A to Z of Photography – Photography Glossary
I have created this Photography Glossary to list many of the common terms associated with photography with a simple explanation to its meaning.
Learning photography can be difficult – and some of the videos and tutorials found on the internet use strange words that can confuse someone new to photography.
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Click on a letter below to jump to that section
aberration – an unwanted defect in a digital image, usually caused by a camera lens
ambient light – the existing light in a scene, usually daylight
aperture – a variable opening in the lens that allows the light to pass through to reach the sensor. Also controls the depth of field
aperture priority (A / Av) – a semi-automatic exposure mode. The photographer selects the aperture required and the camera will select what it thinks is the correct shutter speed for the scene
artefact – an unwanted defect in a digital image such as noise
aspect ratio – refers to the format of the image produced by the camera. Most cameras offer 4:3, 3:2 or 16:9 – 1:1 and 4:5 have recently become popular due to Instagram
astrophotography – a genre of photography dedicated to shooting the night sky
auto – exposure mode in which the camera selects all the exposure settings and many other settings
autofocus (AF) – a system that uses sensors to calculate the focus distance required and focus the lens automatically
AWB – stands for Auto White Balance – the camera assesses the scene and sets what it thinks is the correct white balance
backlight – when the primary light source is behind the subject, pointed towards the camera
back button focus – a setting on many cameras that lets you use a button on the back of the camera to activate the autofocus, leaving the shutter release button to only trigger the shutter
barrel distortion – when your lens, usually a wide-angle lens, appears to curve otherwise straight lines. For example, with a landscape, the horizon may appear to curve. Many digital image editing software can correct this
blown out – when you overexpose an image, and the brightest part of the image is rendered completely white, this is known as the highlights being blown out.
blue hour – the short period of time just before sunrise or just after sunset when the sun is just below the horizon and the light takes on a blue shade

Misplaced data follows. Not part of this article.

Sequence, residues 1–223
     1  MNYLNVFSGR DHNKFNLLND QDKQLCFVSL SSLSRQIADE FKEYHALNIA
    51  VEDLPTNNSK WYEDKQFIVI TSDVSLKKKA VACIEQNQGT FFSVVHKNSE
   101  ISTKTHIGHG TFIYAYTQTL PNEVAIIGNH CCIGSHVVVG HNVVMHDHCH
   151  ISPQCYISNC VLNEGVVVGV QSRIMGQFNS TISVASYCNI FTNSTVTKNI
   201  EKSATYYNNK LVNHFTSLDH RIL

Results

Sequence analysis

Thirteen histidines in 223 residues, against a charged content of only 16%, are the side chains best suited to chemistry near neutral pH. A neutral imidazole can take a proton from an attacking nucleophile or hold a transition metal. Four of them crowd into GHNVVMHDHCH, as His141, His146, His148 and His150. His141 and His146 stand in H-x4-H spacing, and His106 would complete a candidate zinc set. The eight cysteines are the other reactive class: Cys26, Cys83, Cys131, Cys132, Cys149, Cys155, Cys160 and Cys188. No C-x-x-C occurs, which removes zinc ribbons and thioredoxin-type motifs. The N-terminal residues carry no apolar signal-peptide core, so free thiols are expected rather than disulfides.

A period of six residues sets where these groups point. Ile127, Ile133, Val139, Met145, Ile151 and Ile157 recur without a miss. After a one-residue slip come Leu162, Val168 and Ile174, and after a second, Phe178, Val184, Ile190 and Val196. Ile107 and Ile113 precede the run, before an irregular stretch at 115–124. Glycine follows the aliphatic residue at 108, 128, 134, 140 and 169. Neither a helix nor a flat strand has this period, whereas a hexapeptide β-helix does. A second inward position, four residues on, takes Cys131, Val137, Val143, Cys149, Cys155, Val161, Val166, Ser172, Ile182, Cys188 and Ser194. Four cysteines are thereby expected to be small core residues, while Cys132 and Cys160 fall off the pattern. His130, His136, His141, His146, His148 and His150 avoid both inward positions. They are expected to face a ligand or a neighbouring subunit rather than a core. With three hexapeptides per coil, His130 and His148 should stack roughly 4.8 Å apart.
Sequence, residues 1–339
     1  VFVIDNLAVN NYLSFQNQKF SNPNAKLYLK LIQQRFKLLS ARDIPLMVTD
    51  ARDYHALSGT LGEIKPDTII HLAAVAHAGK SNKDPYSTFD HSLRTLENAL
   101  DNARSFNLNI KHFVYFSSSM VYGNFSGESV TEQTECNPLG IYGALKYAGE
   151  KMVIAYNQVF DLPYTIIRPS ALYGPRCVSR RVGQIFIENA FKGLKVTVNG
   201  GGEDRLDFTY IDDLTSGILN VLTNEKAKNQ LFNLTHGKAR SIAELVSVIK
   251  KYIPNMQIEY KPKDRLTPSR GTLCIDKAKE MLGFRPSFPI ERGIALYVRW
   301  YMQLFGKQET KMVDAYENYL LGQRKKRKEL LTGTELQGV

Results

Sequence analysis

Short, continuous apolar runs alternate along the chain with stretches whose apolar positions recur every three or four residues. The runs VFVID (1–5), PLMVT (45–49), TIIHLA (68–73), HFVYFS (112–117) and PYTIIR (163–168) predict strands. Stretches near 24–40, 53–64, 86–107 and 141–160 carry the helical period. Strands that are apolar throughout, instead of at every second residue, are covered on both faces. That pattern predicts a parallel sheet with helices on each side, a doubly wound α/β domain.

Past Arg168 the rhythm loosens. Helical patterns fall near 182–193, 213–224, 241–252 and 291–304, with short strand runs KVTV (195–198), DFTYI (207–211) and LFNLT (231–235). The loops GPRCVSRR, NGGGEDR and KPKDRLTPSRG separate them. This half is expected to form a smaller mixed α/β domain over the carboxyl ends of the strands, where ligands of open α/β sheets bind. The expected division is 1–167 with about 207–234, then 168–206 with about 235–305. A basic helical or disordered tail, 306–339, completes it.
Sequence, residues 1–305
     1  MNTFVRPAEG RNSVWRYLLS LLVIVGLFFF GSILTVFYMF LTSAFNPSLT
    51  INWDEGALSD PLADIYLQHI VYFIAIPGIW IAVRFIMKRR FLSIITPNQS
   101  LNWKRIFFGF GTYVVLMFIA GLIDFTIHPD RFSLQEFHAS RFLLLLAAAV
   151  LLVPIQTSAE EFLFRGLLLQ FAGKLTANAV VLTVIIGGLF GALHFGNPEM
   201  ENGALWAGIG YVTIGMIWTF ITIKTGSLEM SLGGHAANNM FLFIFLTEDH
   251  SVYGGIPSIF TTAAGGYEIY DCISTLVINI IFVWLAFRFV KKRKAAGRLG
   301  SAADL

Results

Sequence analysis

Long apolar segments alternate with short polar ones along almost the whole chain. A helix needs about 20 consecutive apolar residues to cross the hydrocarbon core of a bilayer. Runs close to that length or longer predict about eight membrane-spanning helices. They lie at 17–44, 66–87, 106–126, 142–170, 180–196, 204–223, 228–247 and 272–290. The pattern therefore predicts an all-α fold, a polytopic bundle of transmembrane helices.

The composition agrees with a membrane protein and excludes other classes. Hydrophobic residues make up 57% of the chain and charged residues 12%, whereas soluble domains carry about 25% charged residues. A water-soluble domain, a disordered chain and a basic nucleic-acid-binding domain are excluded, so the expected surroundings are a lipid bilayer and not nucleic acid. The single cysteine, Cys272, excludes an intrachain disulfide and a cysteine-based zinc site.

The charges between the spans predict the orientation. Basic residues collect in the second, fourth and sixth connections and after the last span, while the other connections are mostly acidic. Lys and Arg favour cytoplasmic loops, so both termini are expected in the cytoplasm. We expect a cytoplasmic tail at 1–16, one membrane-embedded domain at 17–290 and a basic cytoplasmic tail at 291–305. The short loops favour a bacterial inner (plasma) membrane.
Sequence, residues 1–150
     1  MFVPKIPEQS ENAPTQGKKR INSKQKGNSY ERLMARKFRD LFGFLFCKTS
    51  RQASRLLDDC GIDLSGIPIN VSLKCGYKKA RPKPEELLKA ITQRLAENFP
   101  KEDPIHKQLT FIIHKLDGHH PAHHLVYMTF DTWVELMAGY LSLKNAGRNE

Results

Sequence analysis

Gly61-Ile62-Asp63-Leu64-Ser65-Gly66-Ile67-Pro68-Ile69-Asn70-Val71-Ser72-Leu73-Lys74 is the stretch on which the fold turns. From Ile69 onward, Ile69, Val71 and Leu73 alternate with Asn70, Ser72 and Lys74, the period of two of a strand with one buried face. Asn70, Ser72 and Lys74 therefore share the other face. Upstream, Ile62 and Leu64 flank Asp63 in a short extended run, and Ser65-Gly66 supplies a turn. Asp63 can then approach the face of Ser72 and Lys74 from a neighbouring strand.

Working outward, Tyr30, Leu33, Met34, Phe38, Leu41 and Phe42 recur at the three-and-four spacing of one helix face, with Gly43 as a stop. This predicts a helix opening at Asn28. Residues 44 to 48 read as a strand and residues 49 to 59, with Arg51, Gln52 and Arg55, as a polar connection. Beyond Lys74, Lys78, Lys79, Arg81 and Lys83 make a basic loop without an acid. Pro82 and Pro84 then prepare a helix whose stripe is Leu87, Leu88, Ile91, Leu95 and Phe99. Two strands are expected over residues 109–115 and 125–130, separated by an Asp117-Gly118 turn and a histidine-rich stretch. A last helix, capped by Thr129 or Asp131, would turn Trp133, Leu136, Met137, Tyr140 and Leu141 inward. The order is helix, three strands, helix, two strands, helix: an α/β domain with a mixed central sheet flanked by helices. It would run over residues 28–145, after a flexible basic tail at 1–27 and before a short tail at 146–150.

bokeh – (pronounced boh-keh) – the visual quality of the blur produced in the out of focus parts of an image produced by a lens
bracketing – shooting a number of images of the same scene at different exposure values to ensure that one is correctly exposed or to create a high dynamic range (HDR) image
bulb – the “B” setting on your camera that keeps the shutter open for as long as you press the shutter release button. Best used with a remote shutter release to prevent shake. Use this mode for extra long exposures
burst mode – most cameras offer a burst mode – it will keep taking pictures for as long as your finger is on the shutter release button. Most entry-level cameras offer between 3 to 5 shots per second
camera shake – this occurs when the camera is moved during an exposure causing blurry images
candid – a portrait taken while the subject is unaware and not posing
centre-weighted metering – a light metering pattern which takes the exposure reading from the centre of the image
chimping – a slang term used to describe someone who looks at the review screen after every shot
chromatic aberration – coloured fringes that appear around the edge of objects, caused by light of different wavelengths (colours) coming to focus at different distances from the lens. Can usually be fixed in image editing software
clipping – when detail is lost in the highlight and/or shadow areas of an image
colour cast – a colour shift in an image usually caused by incorrect white balance settings
colour temperature – the measure of the temperature of light in degrees Kelvin (K)
composite – an image created by combining two or more images into a single image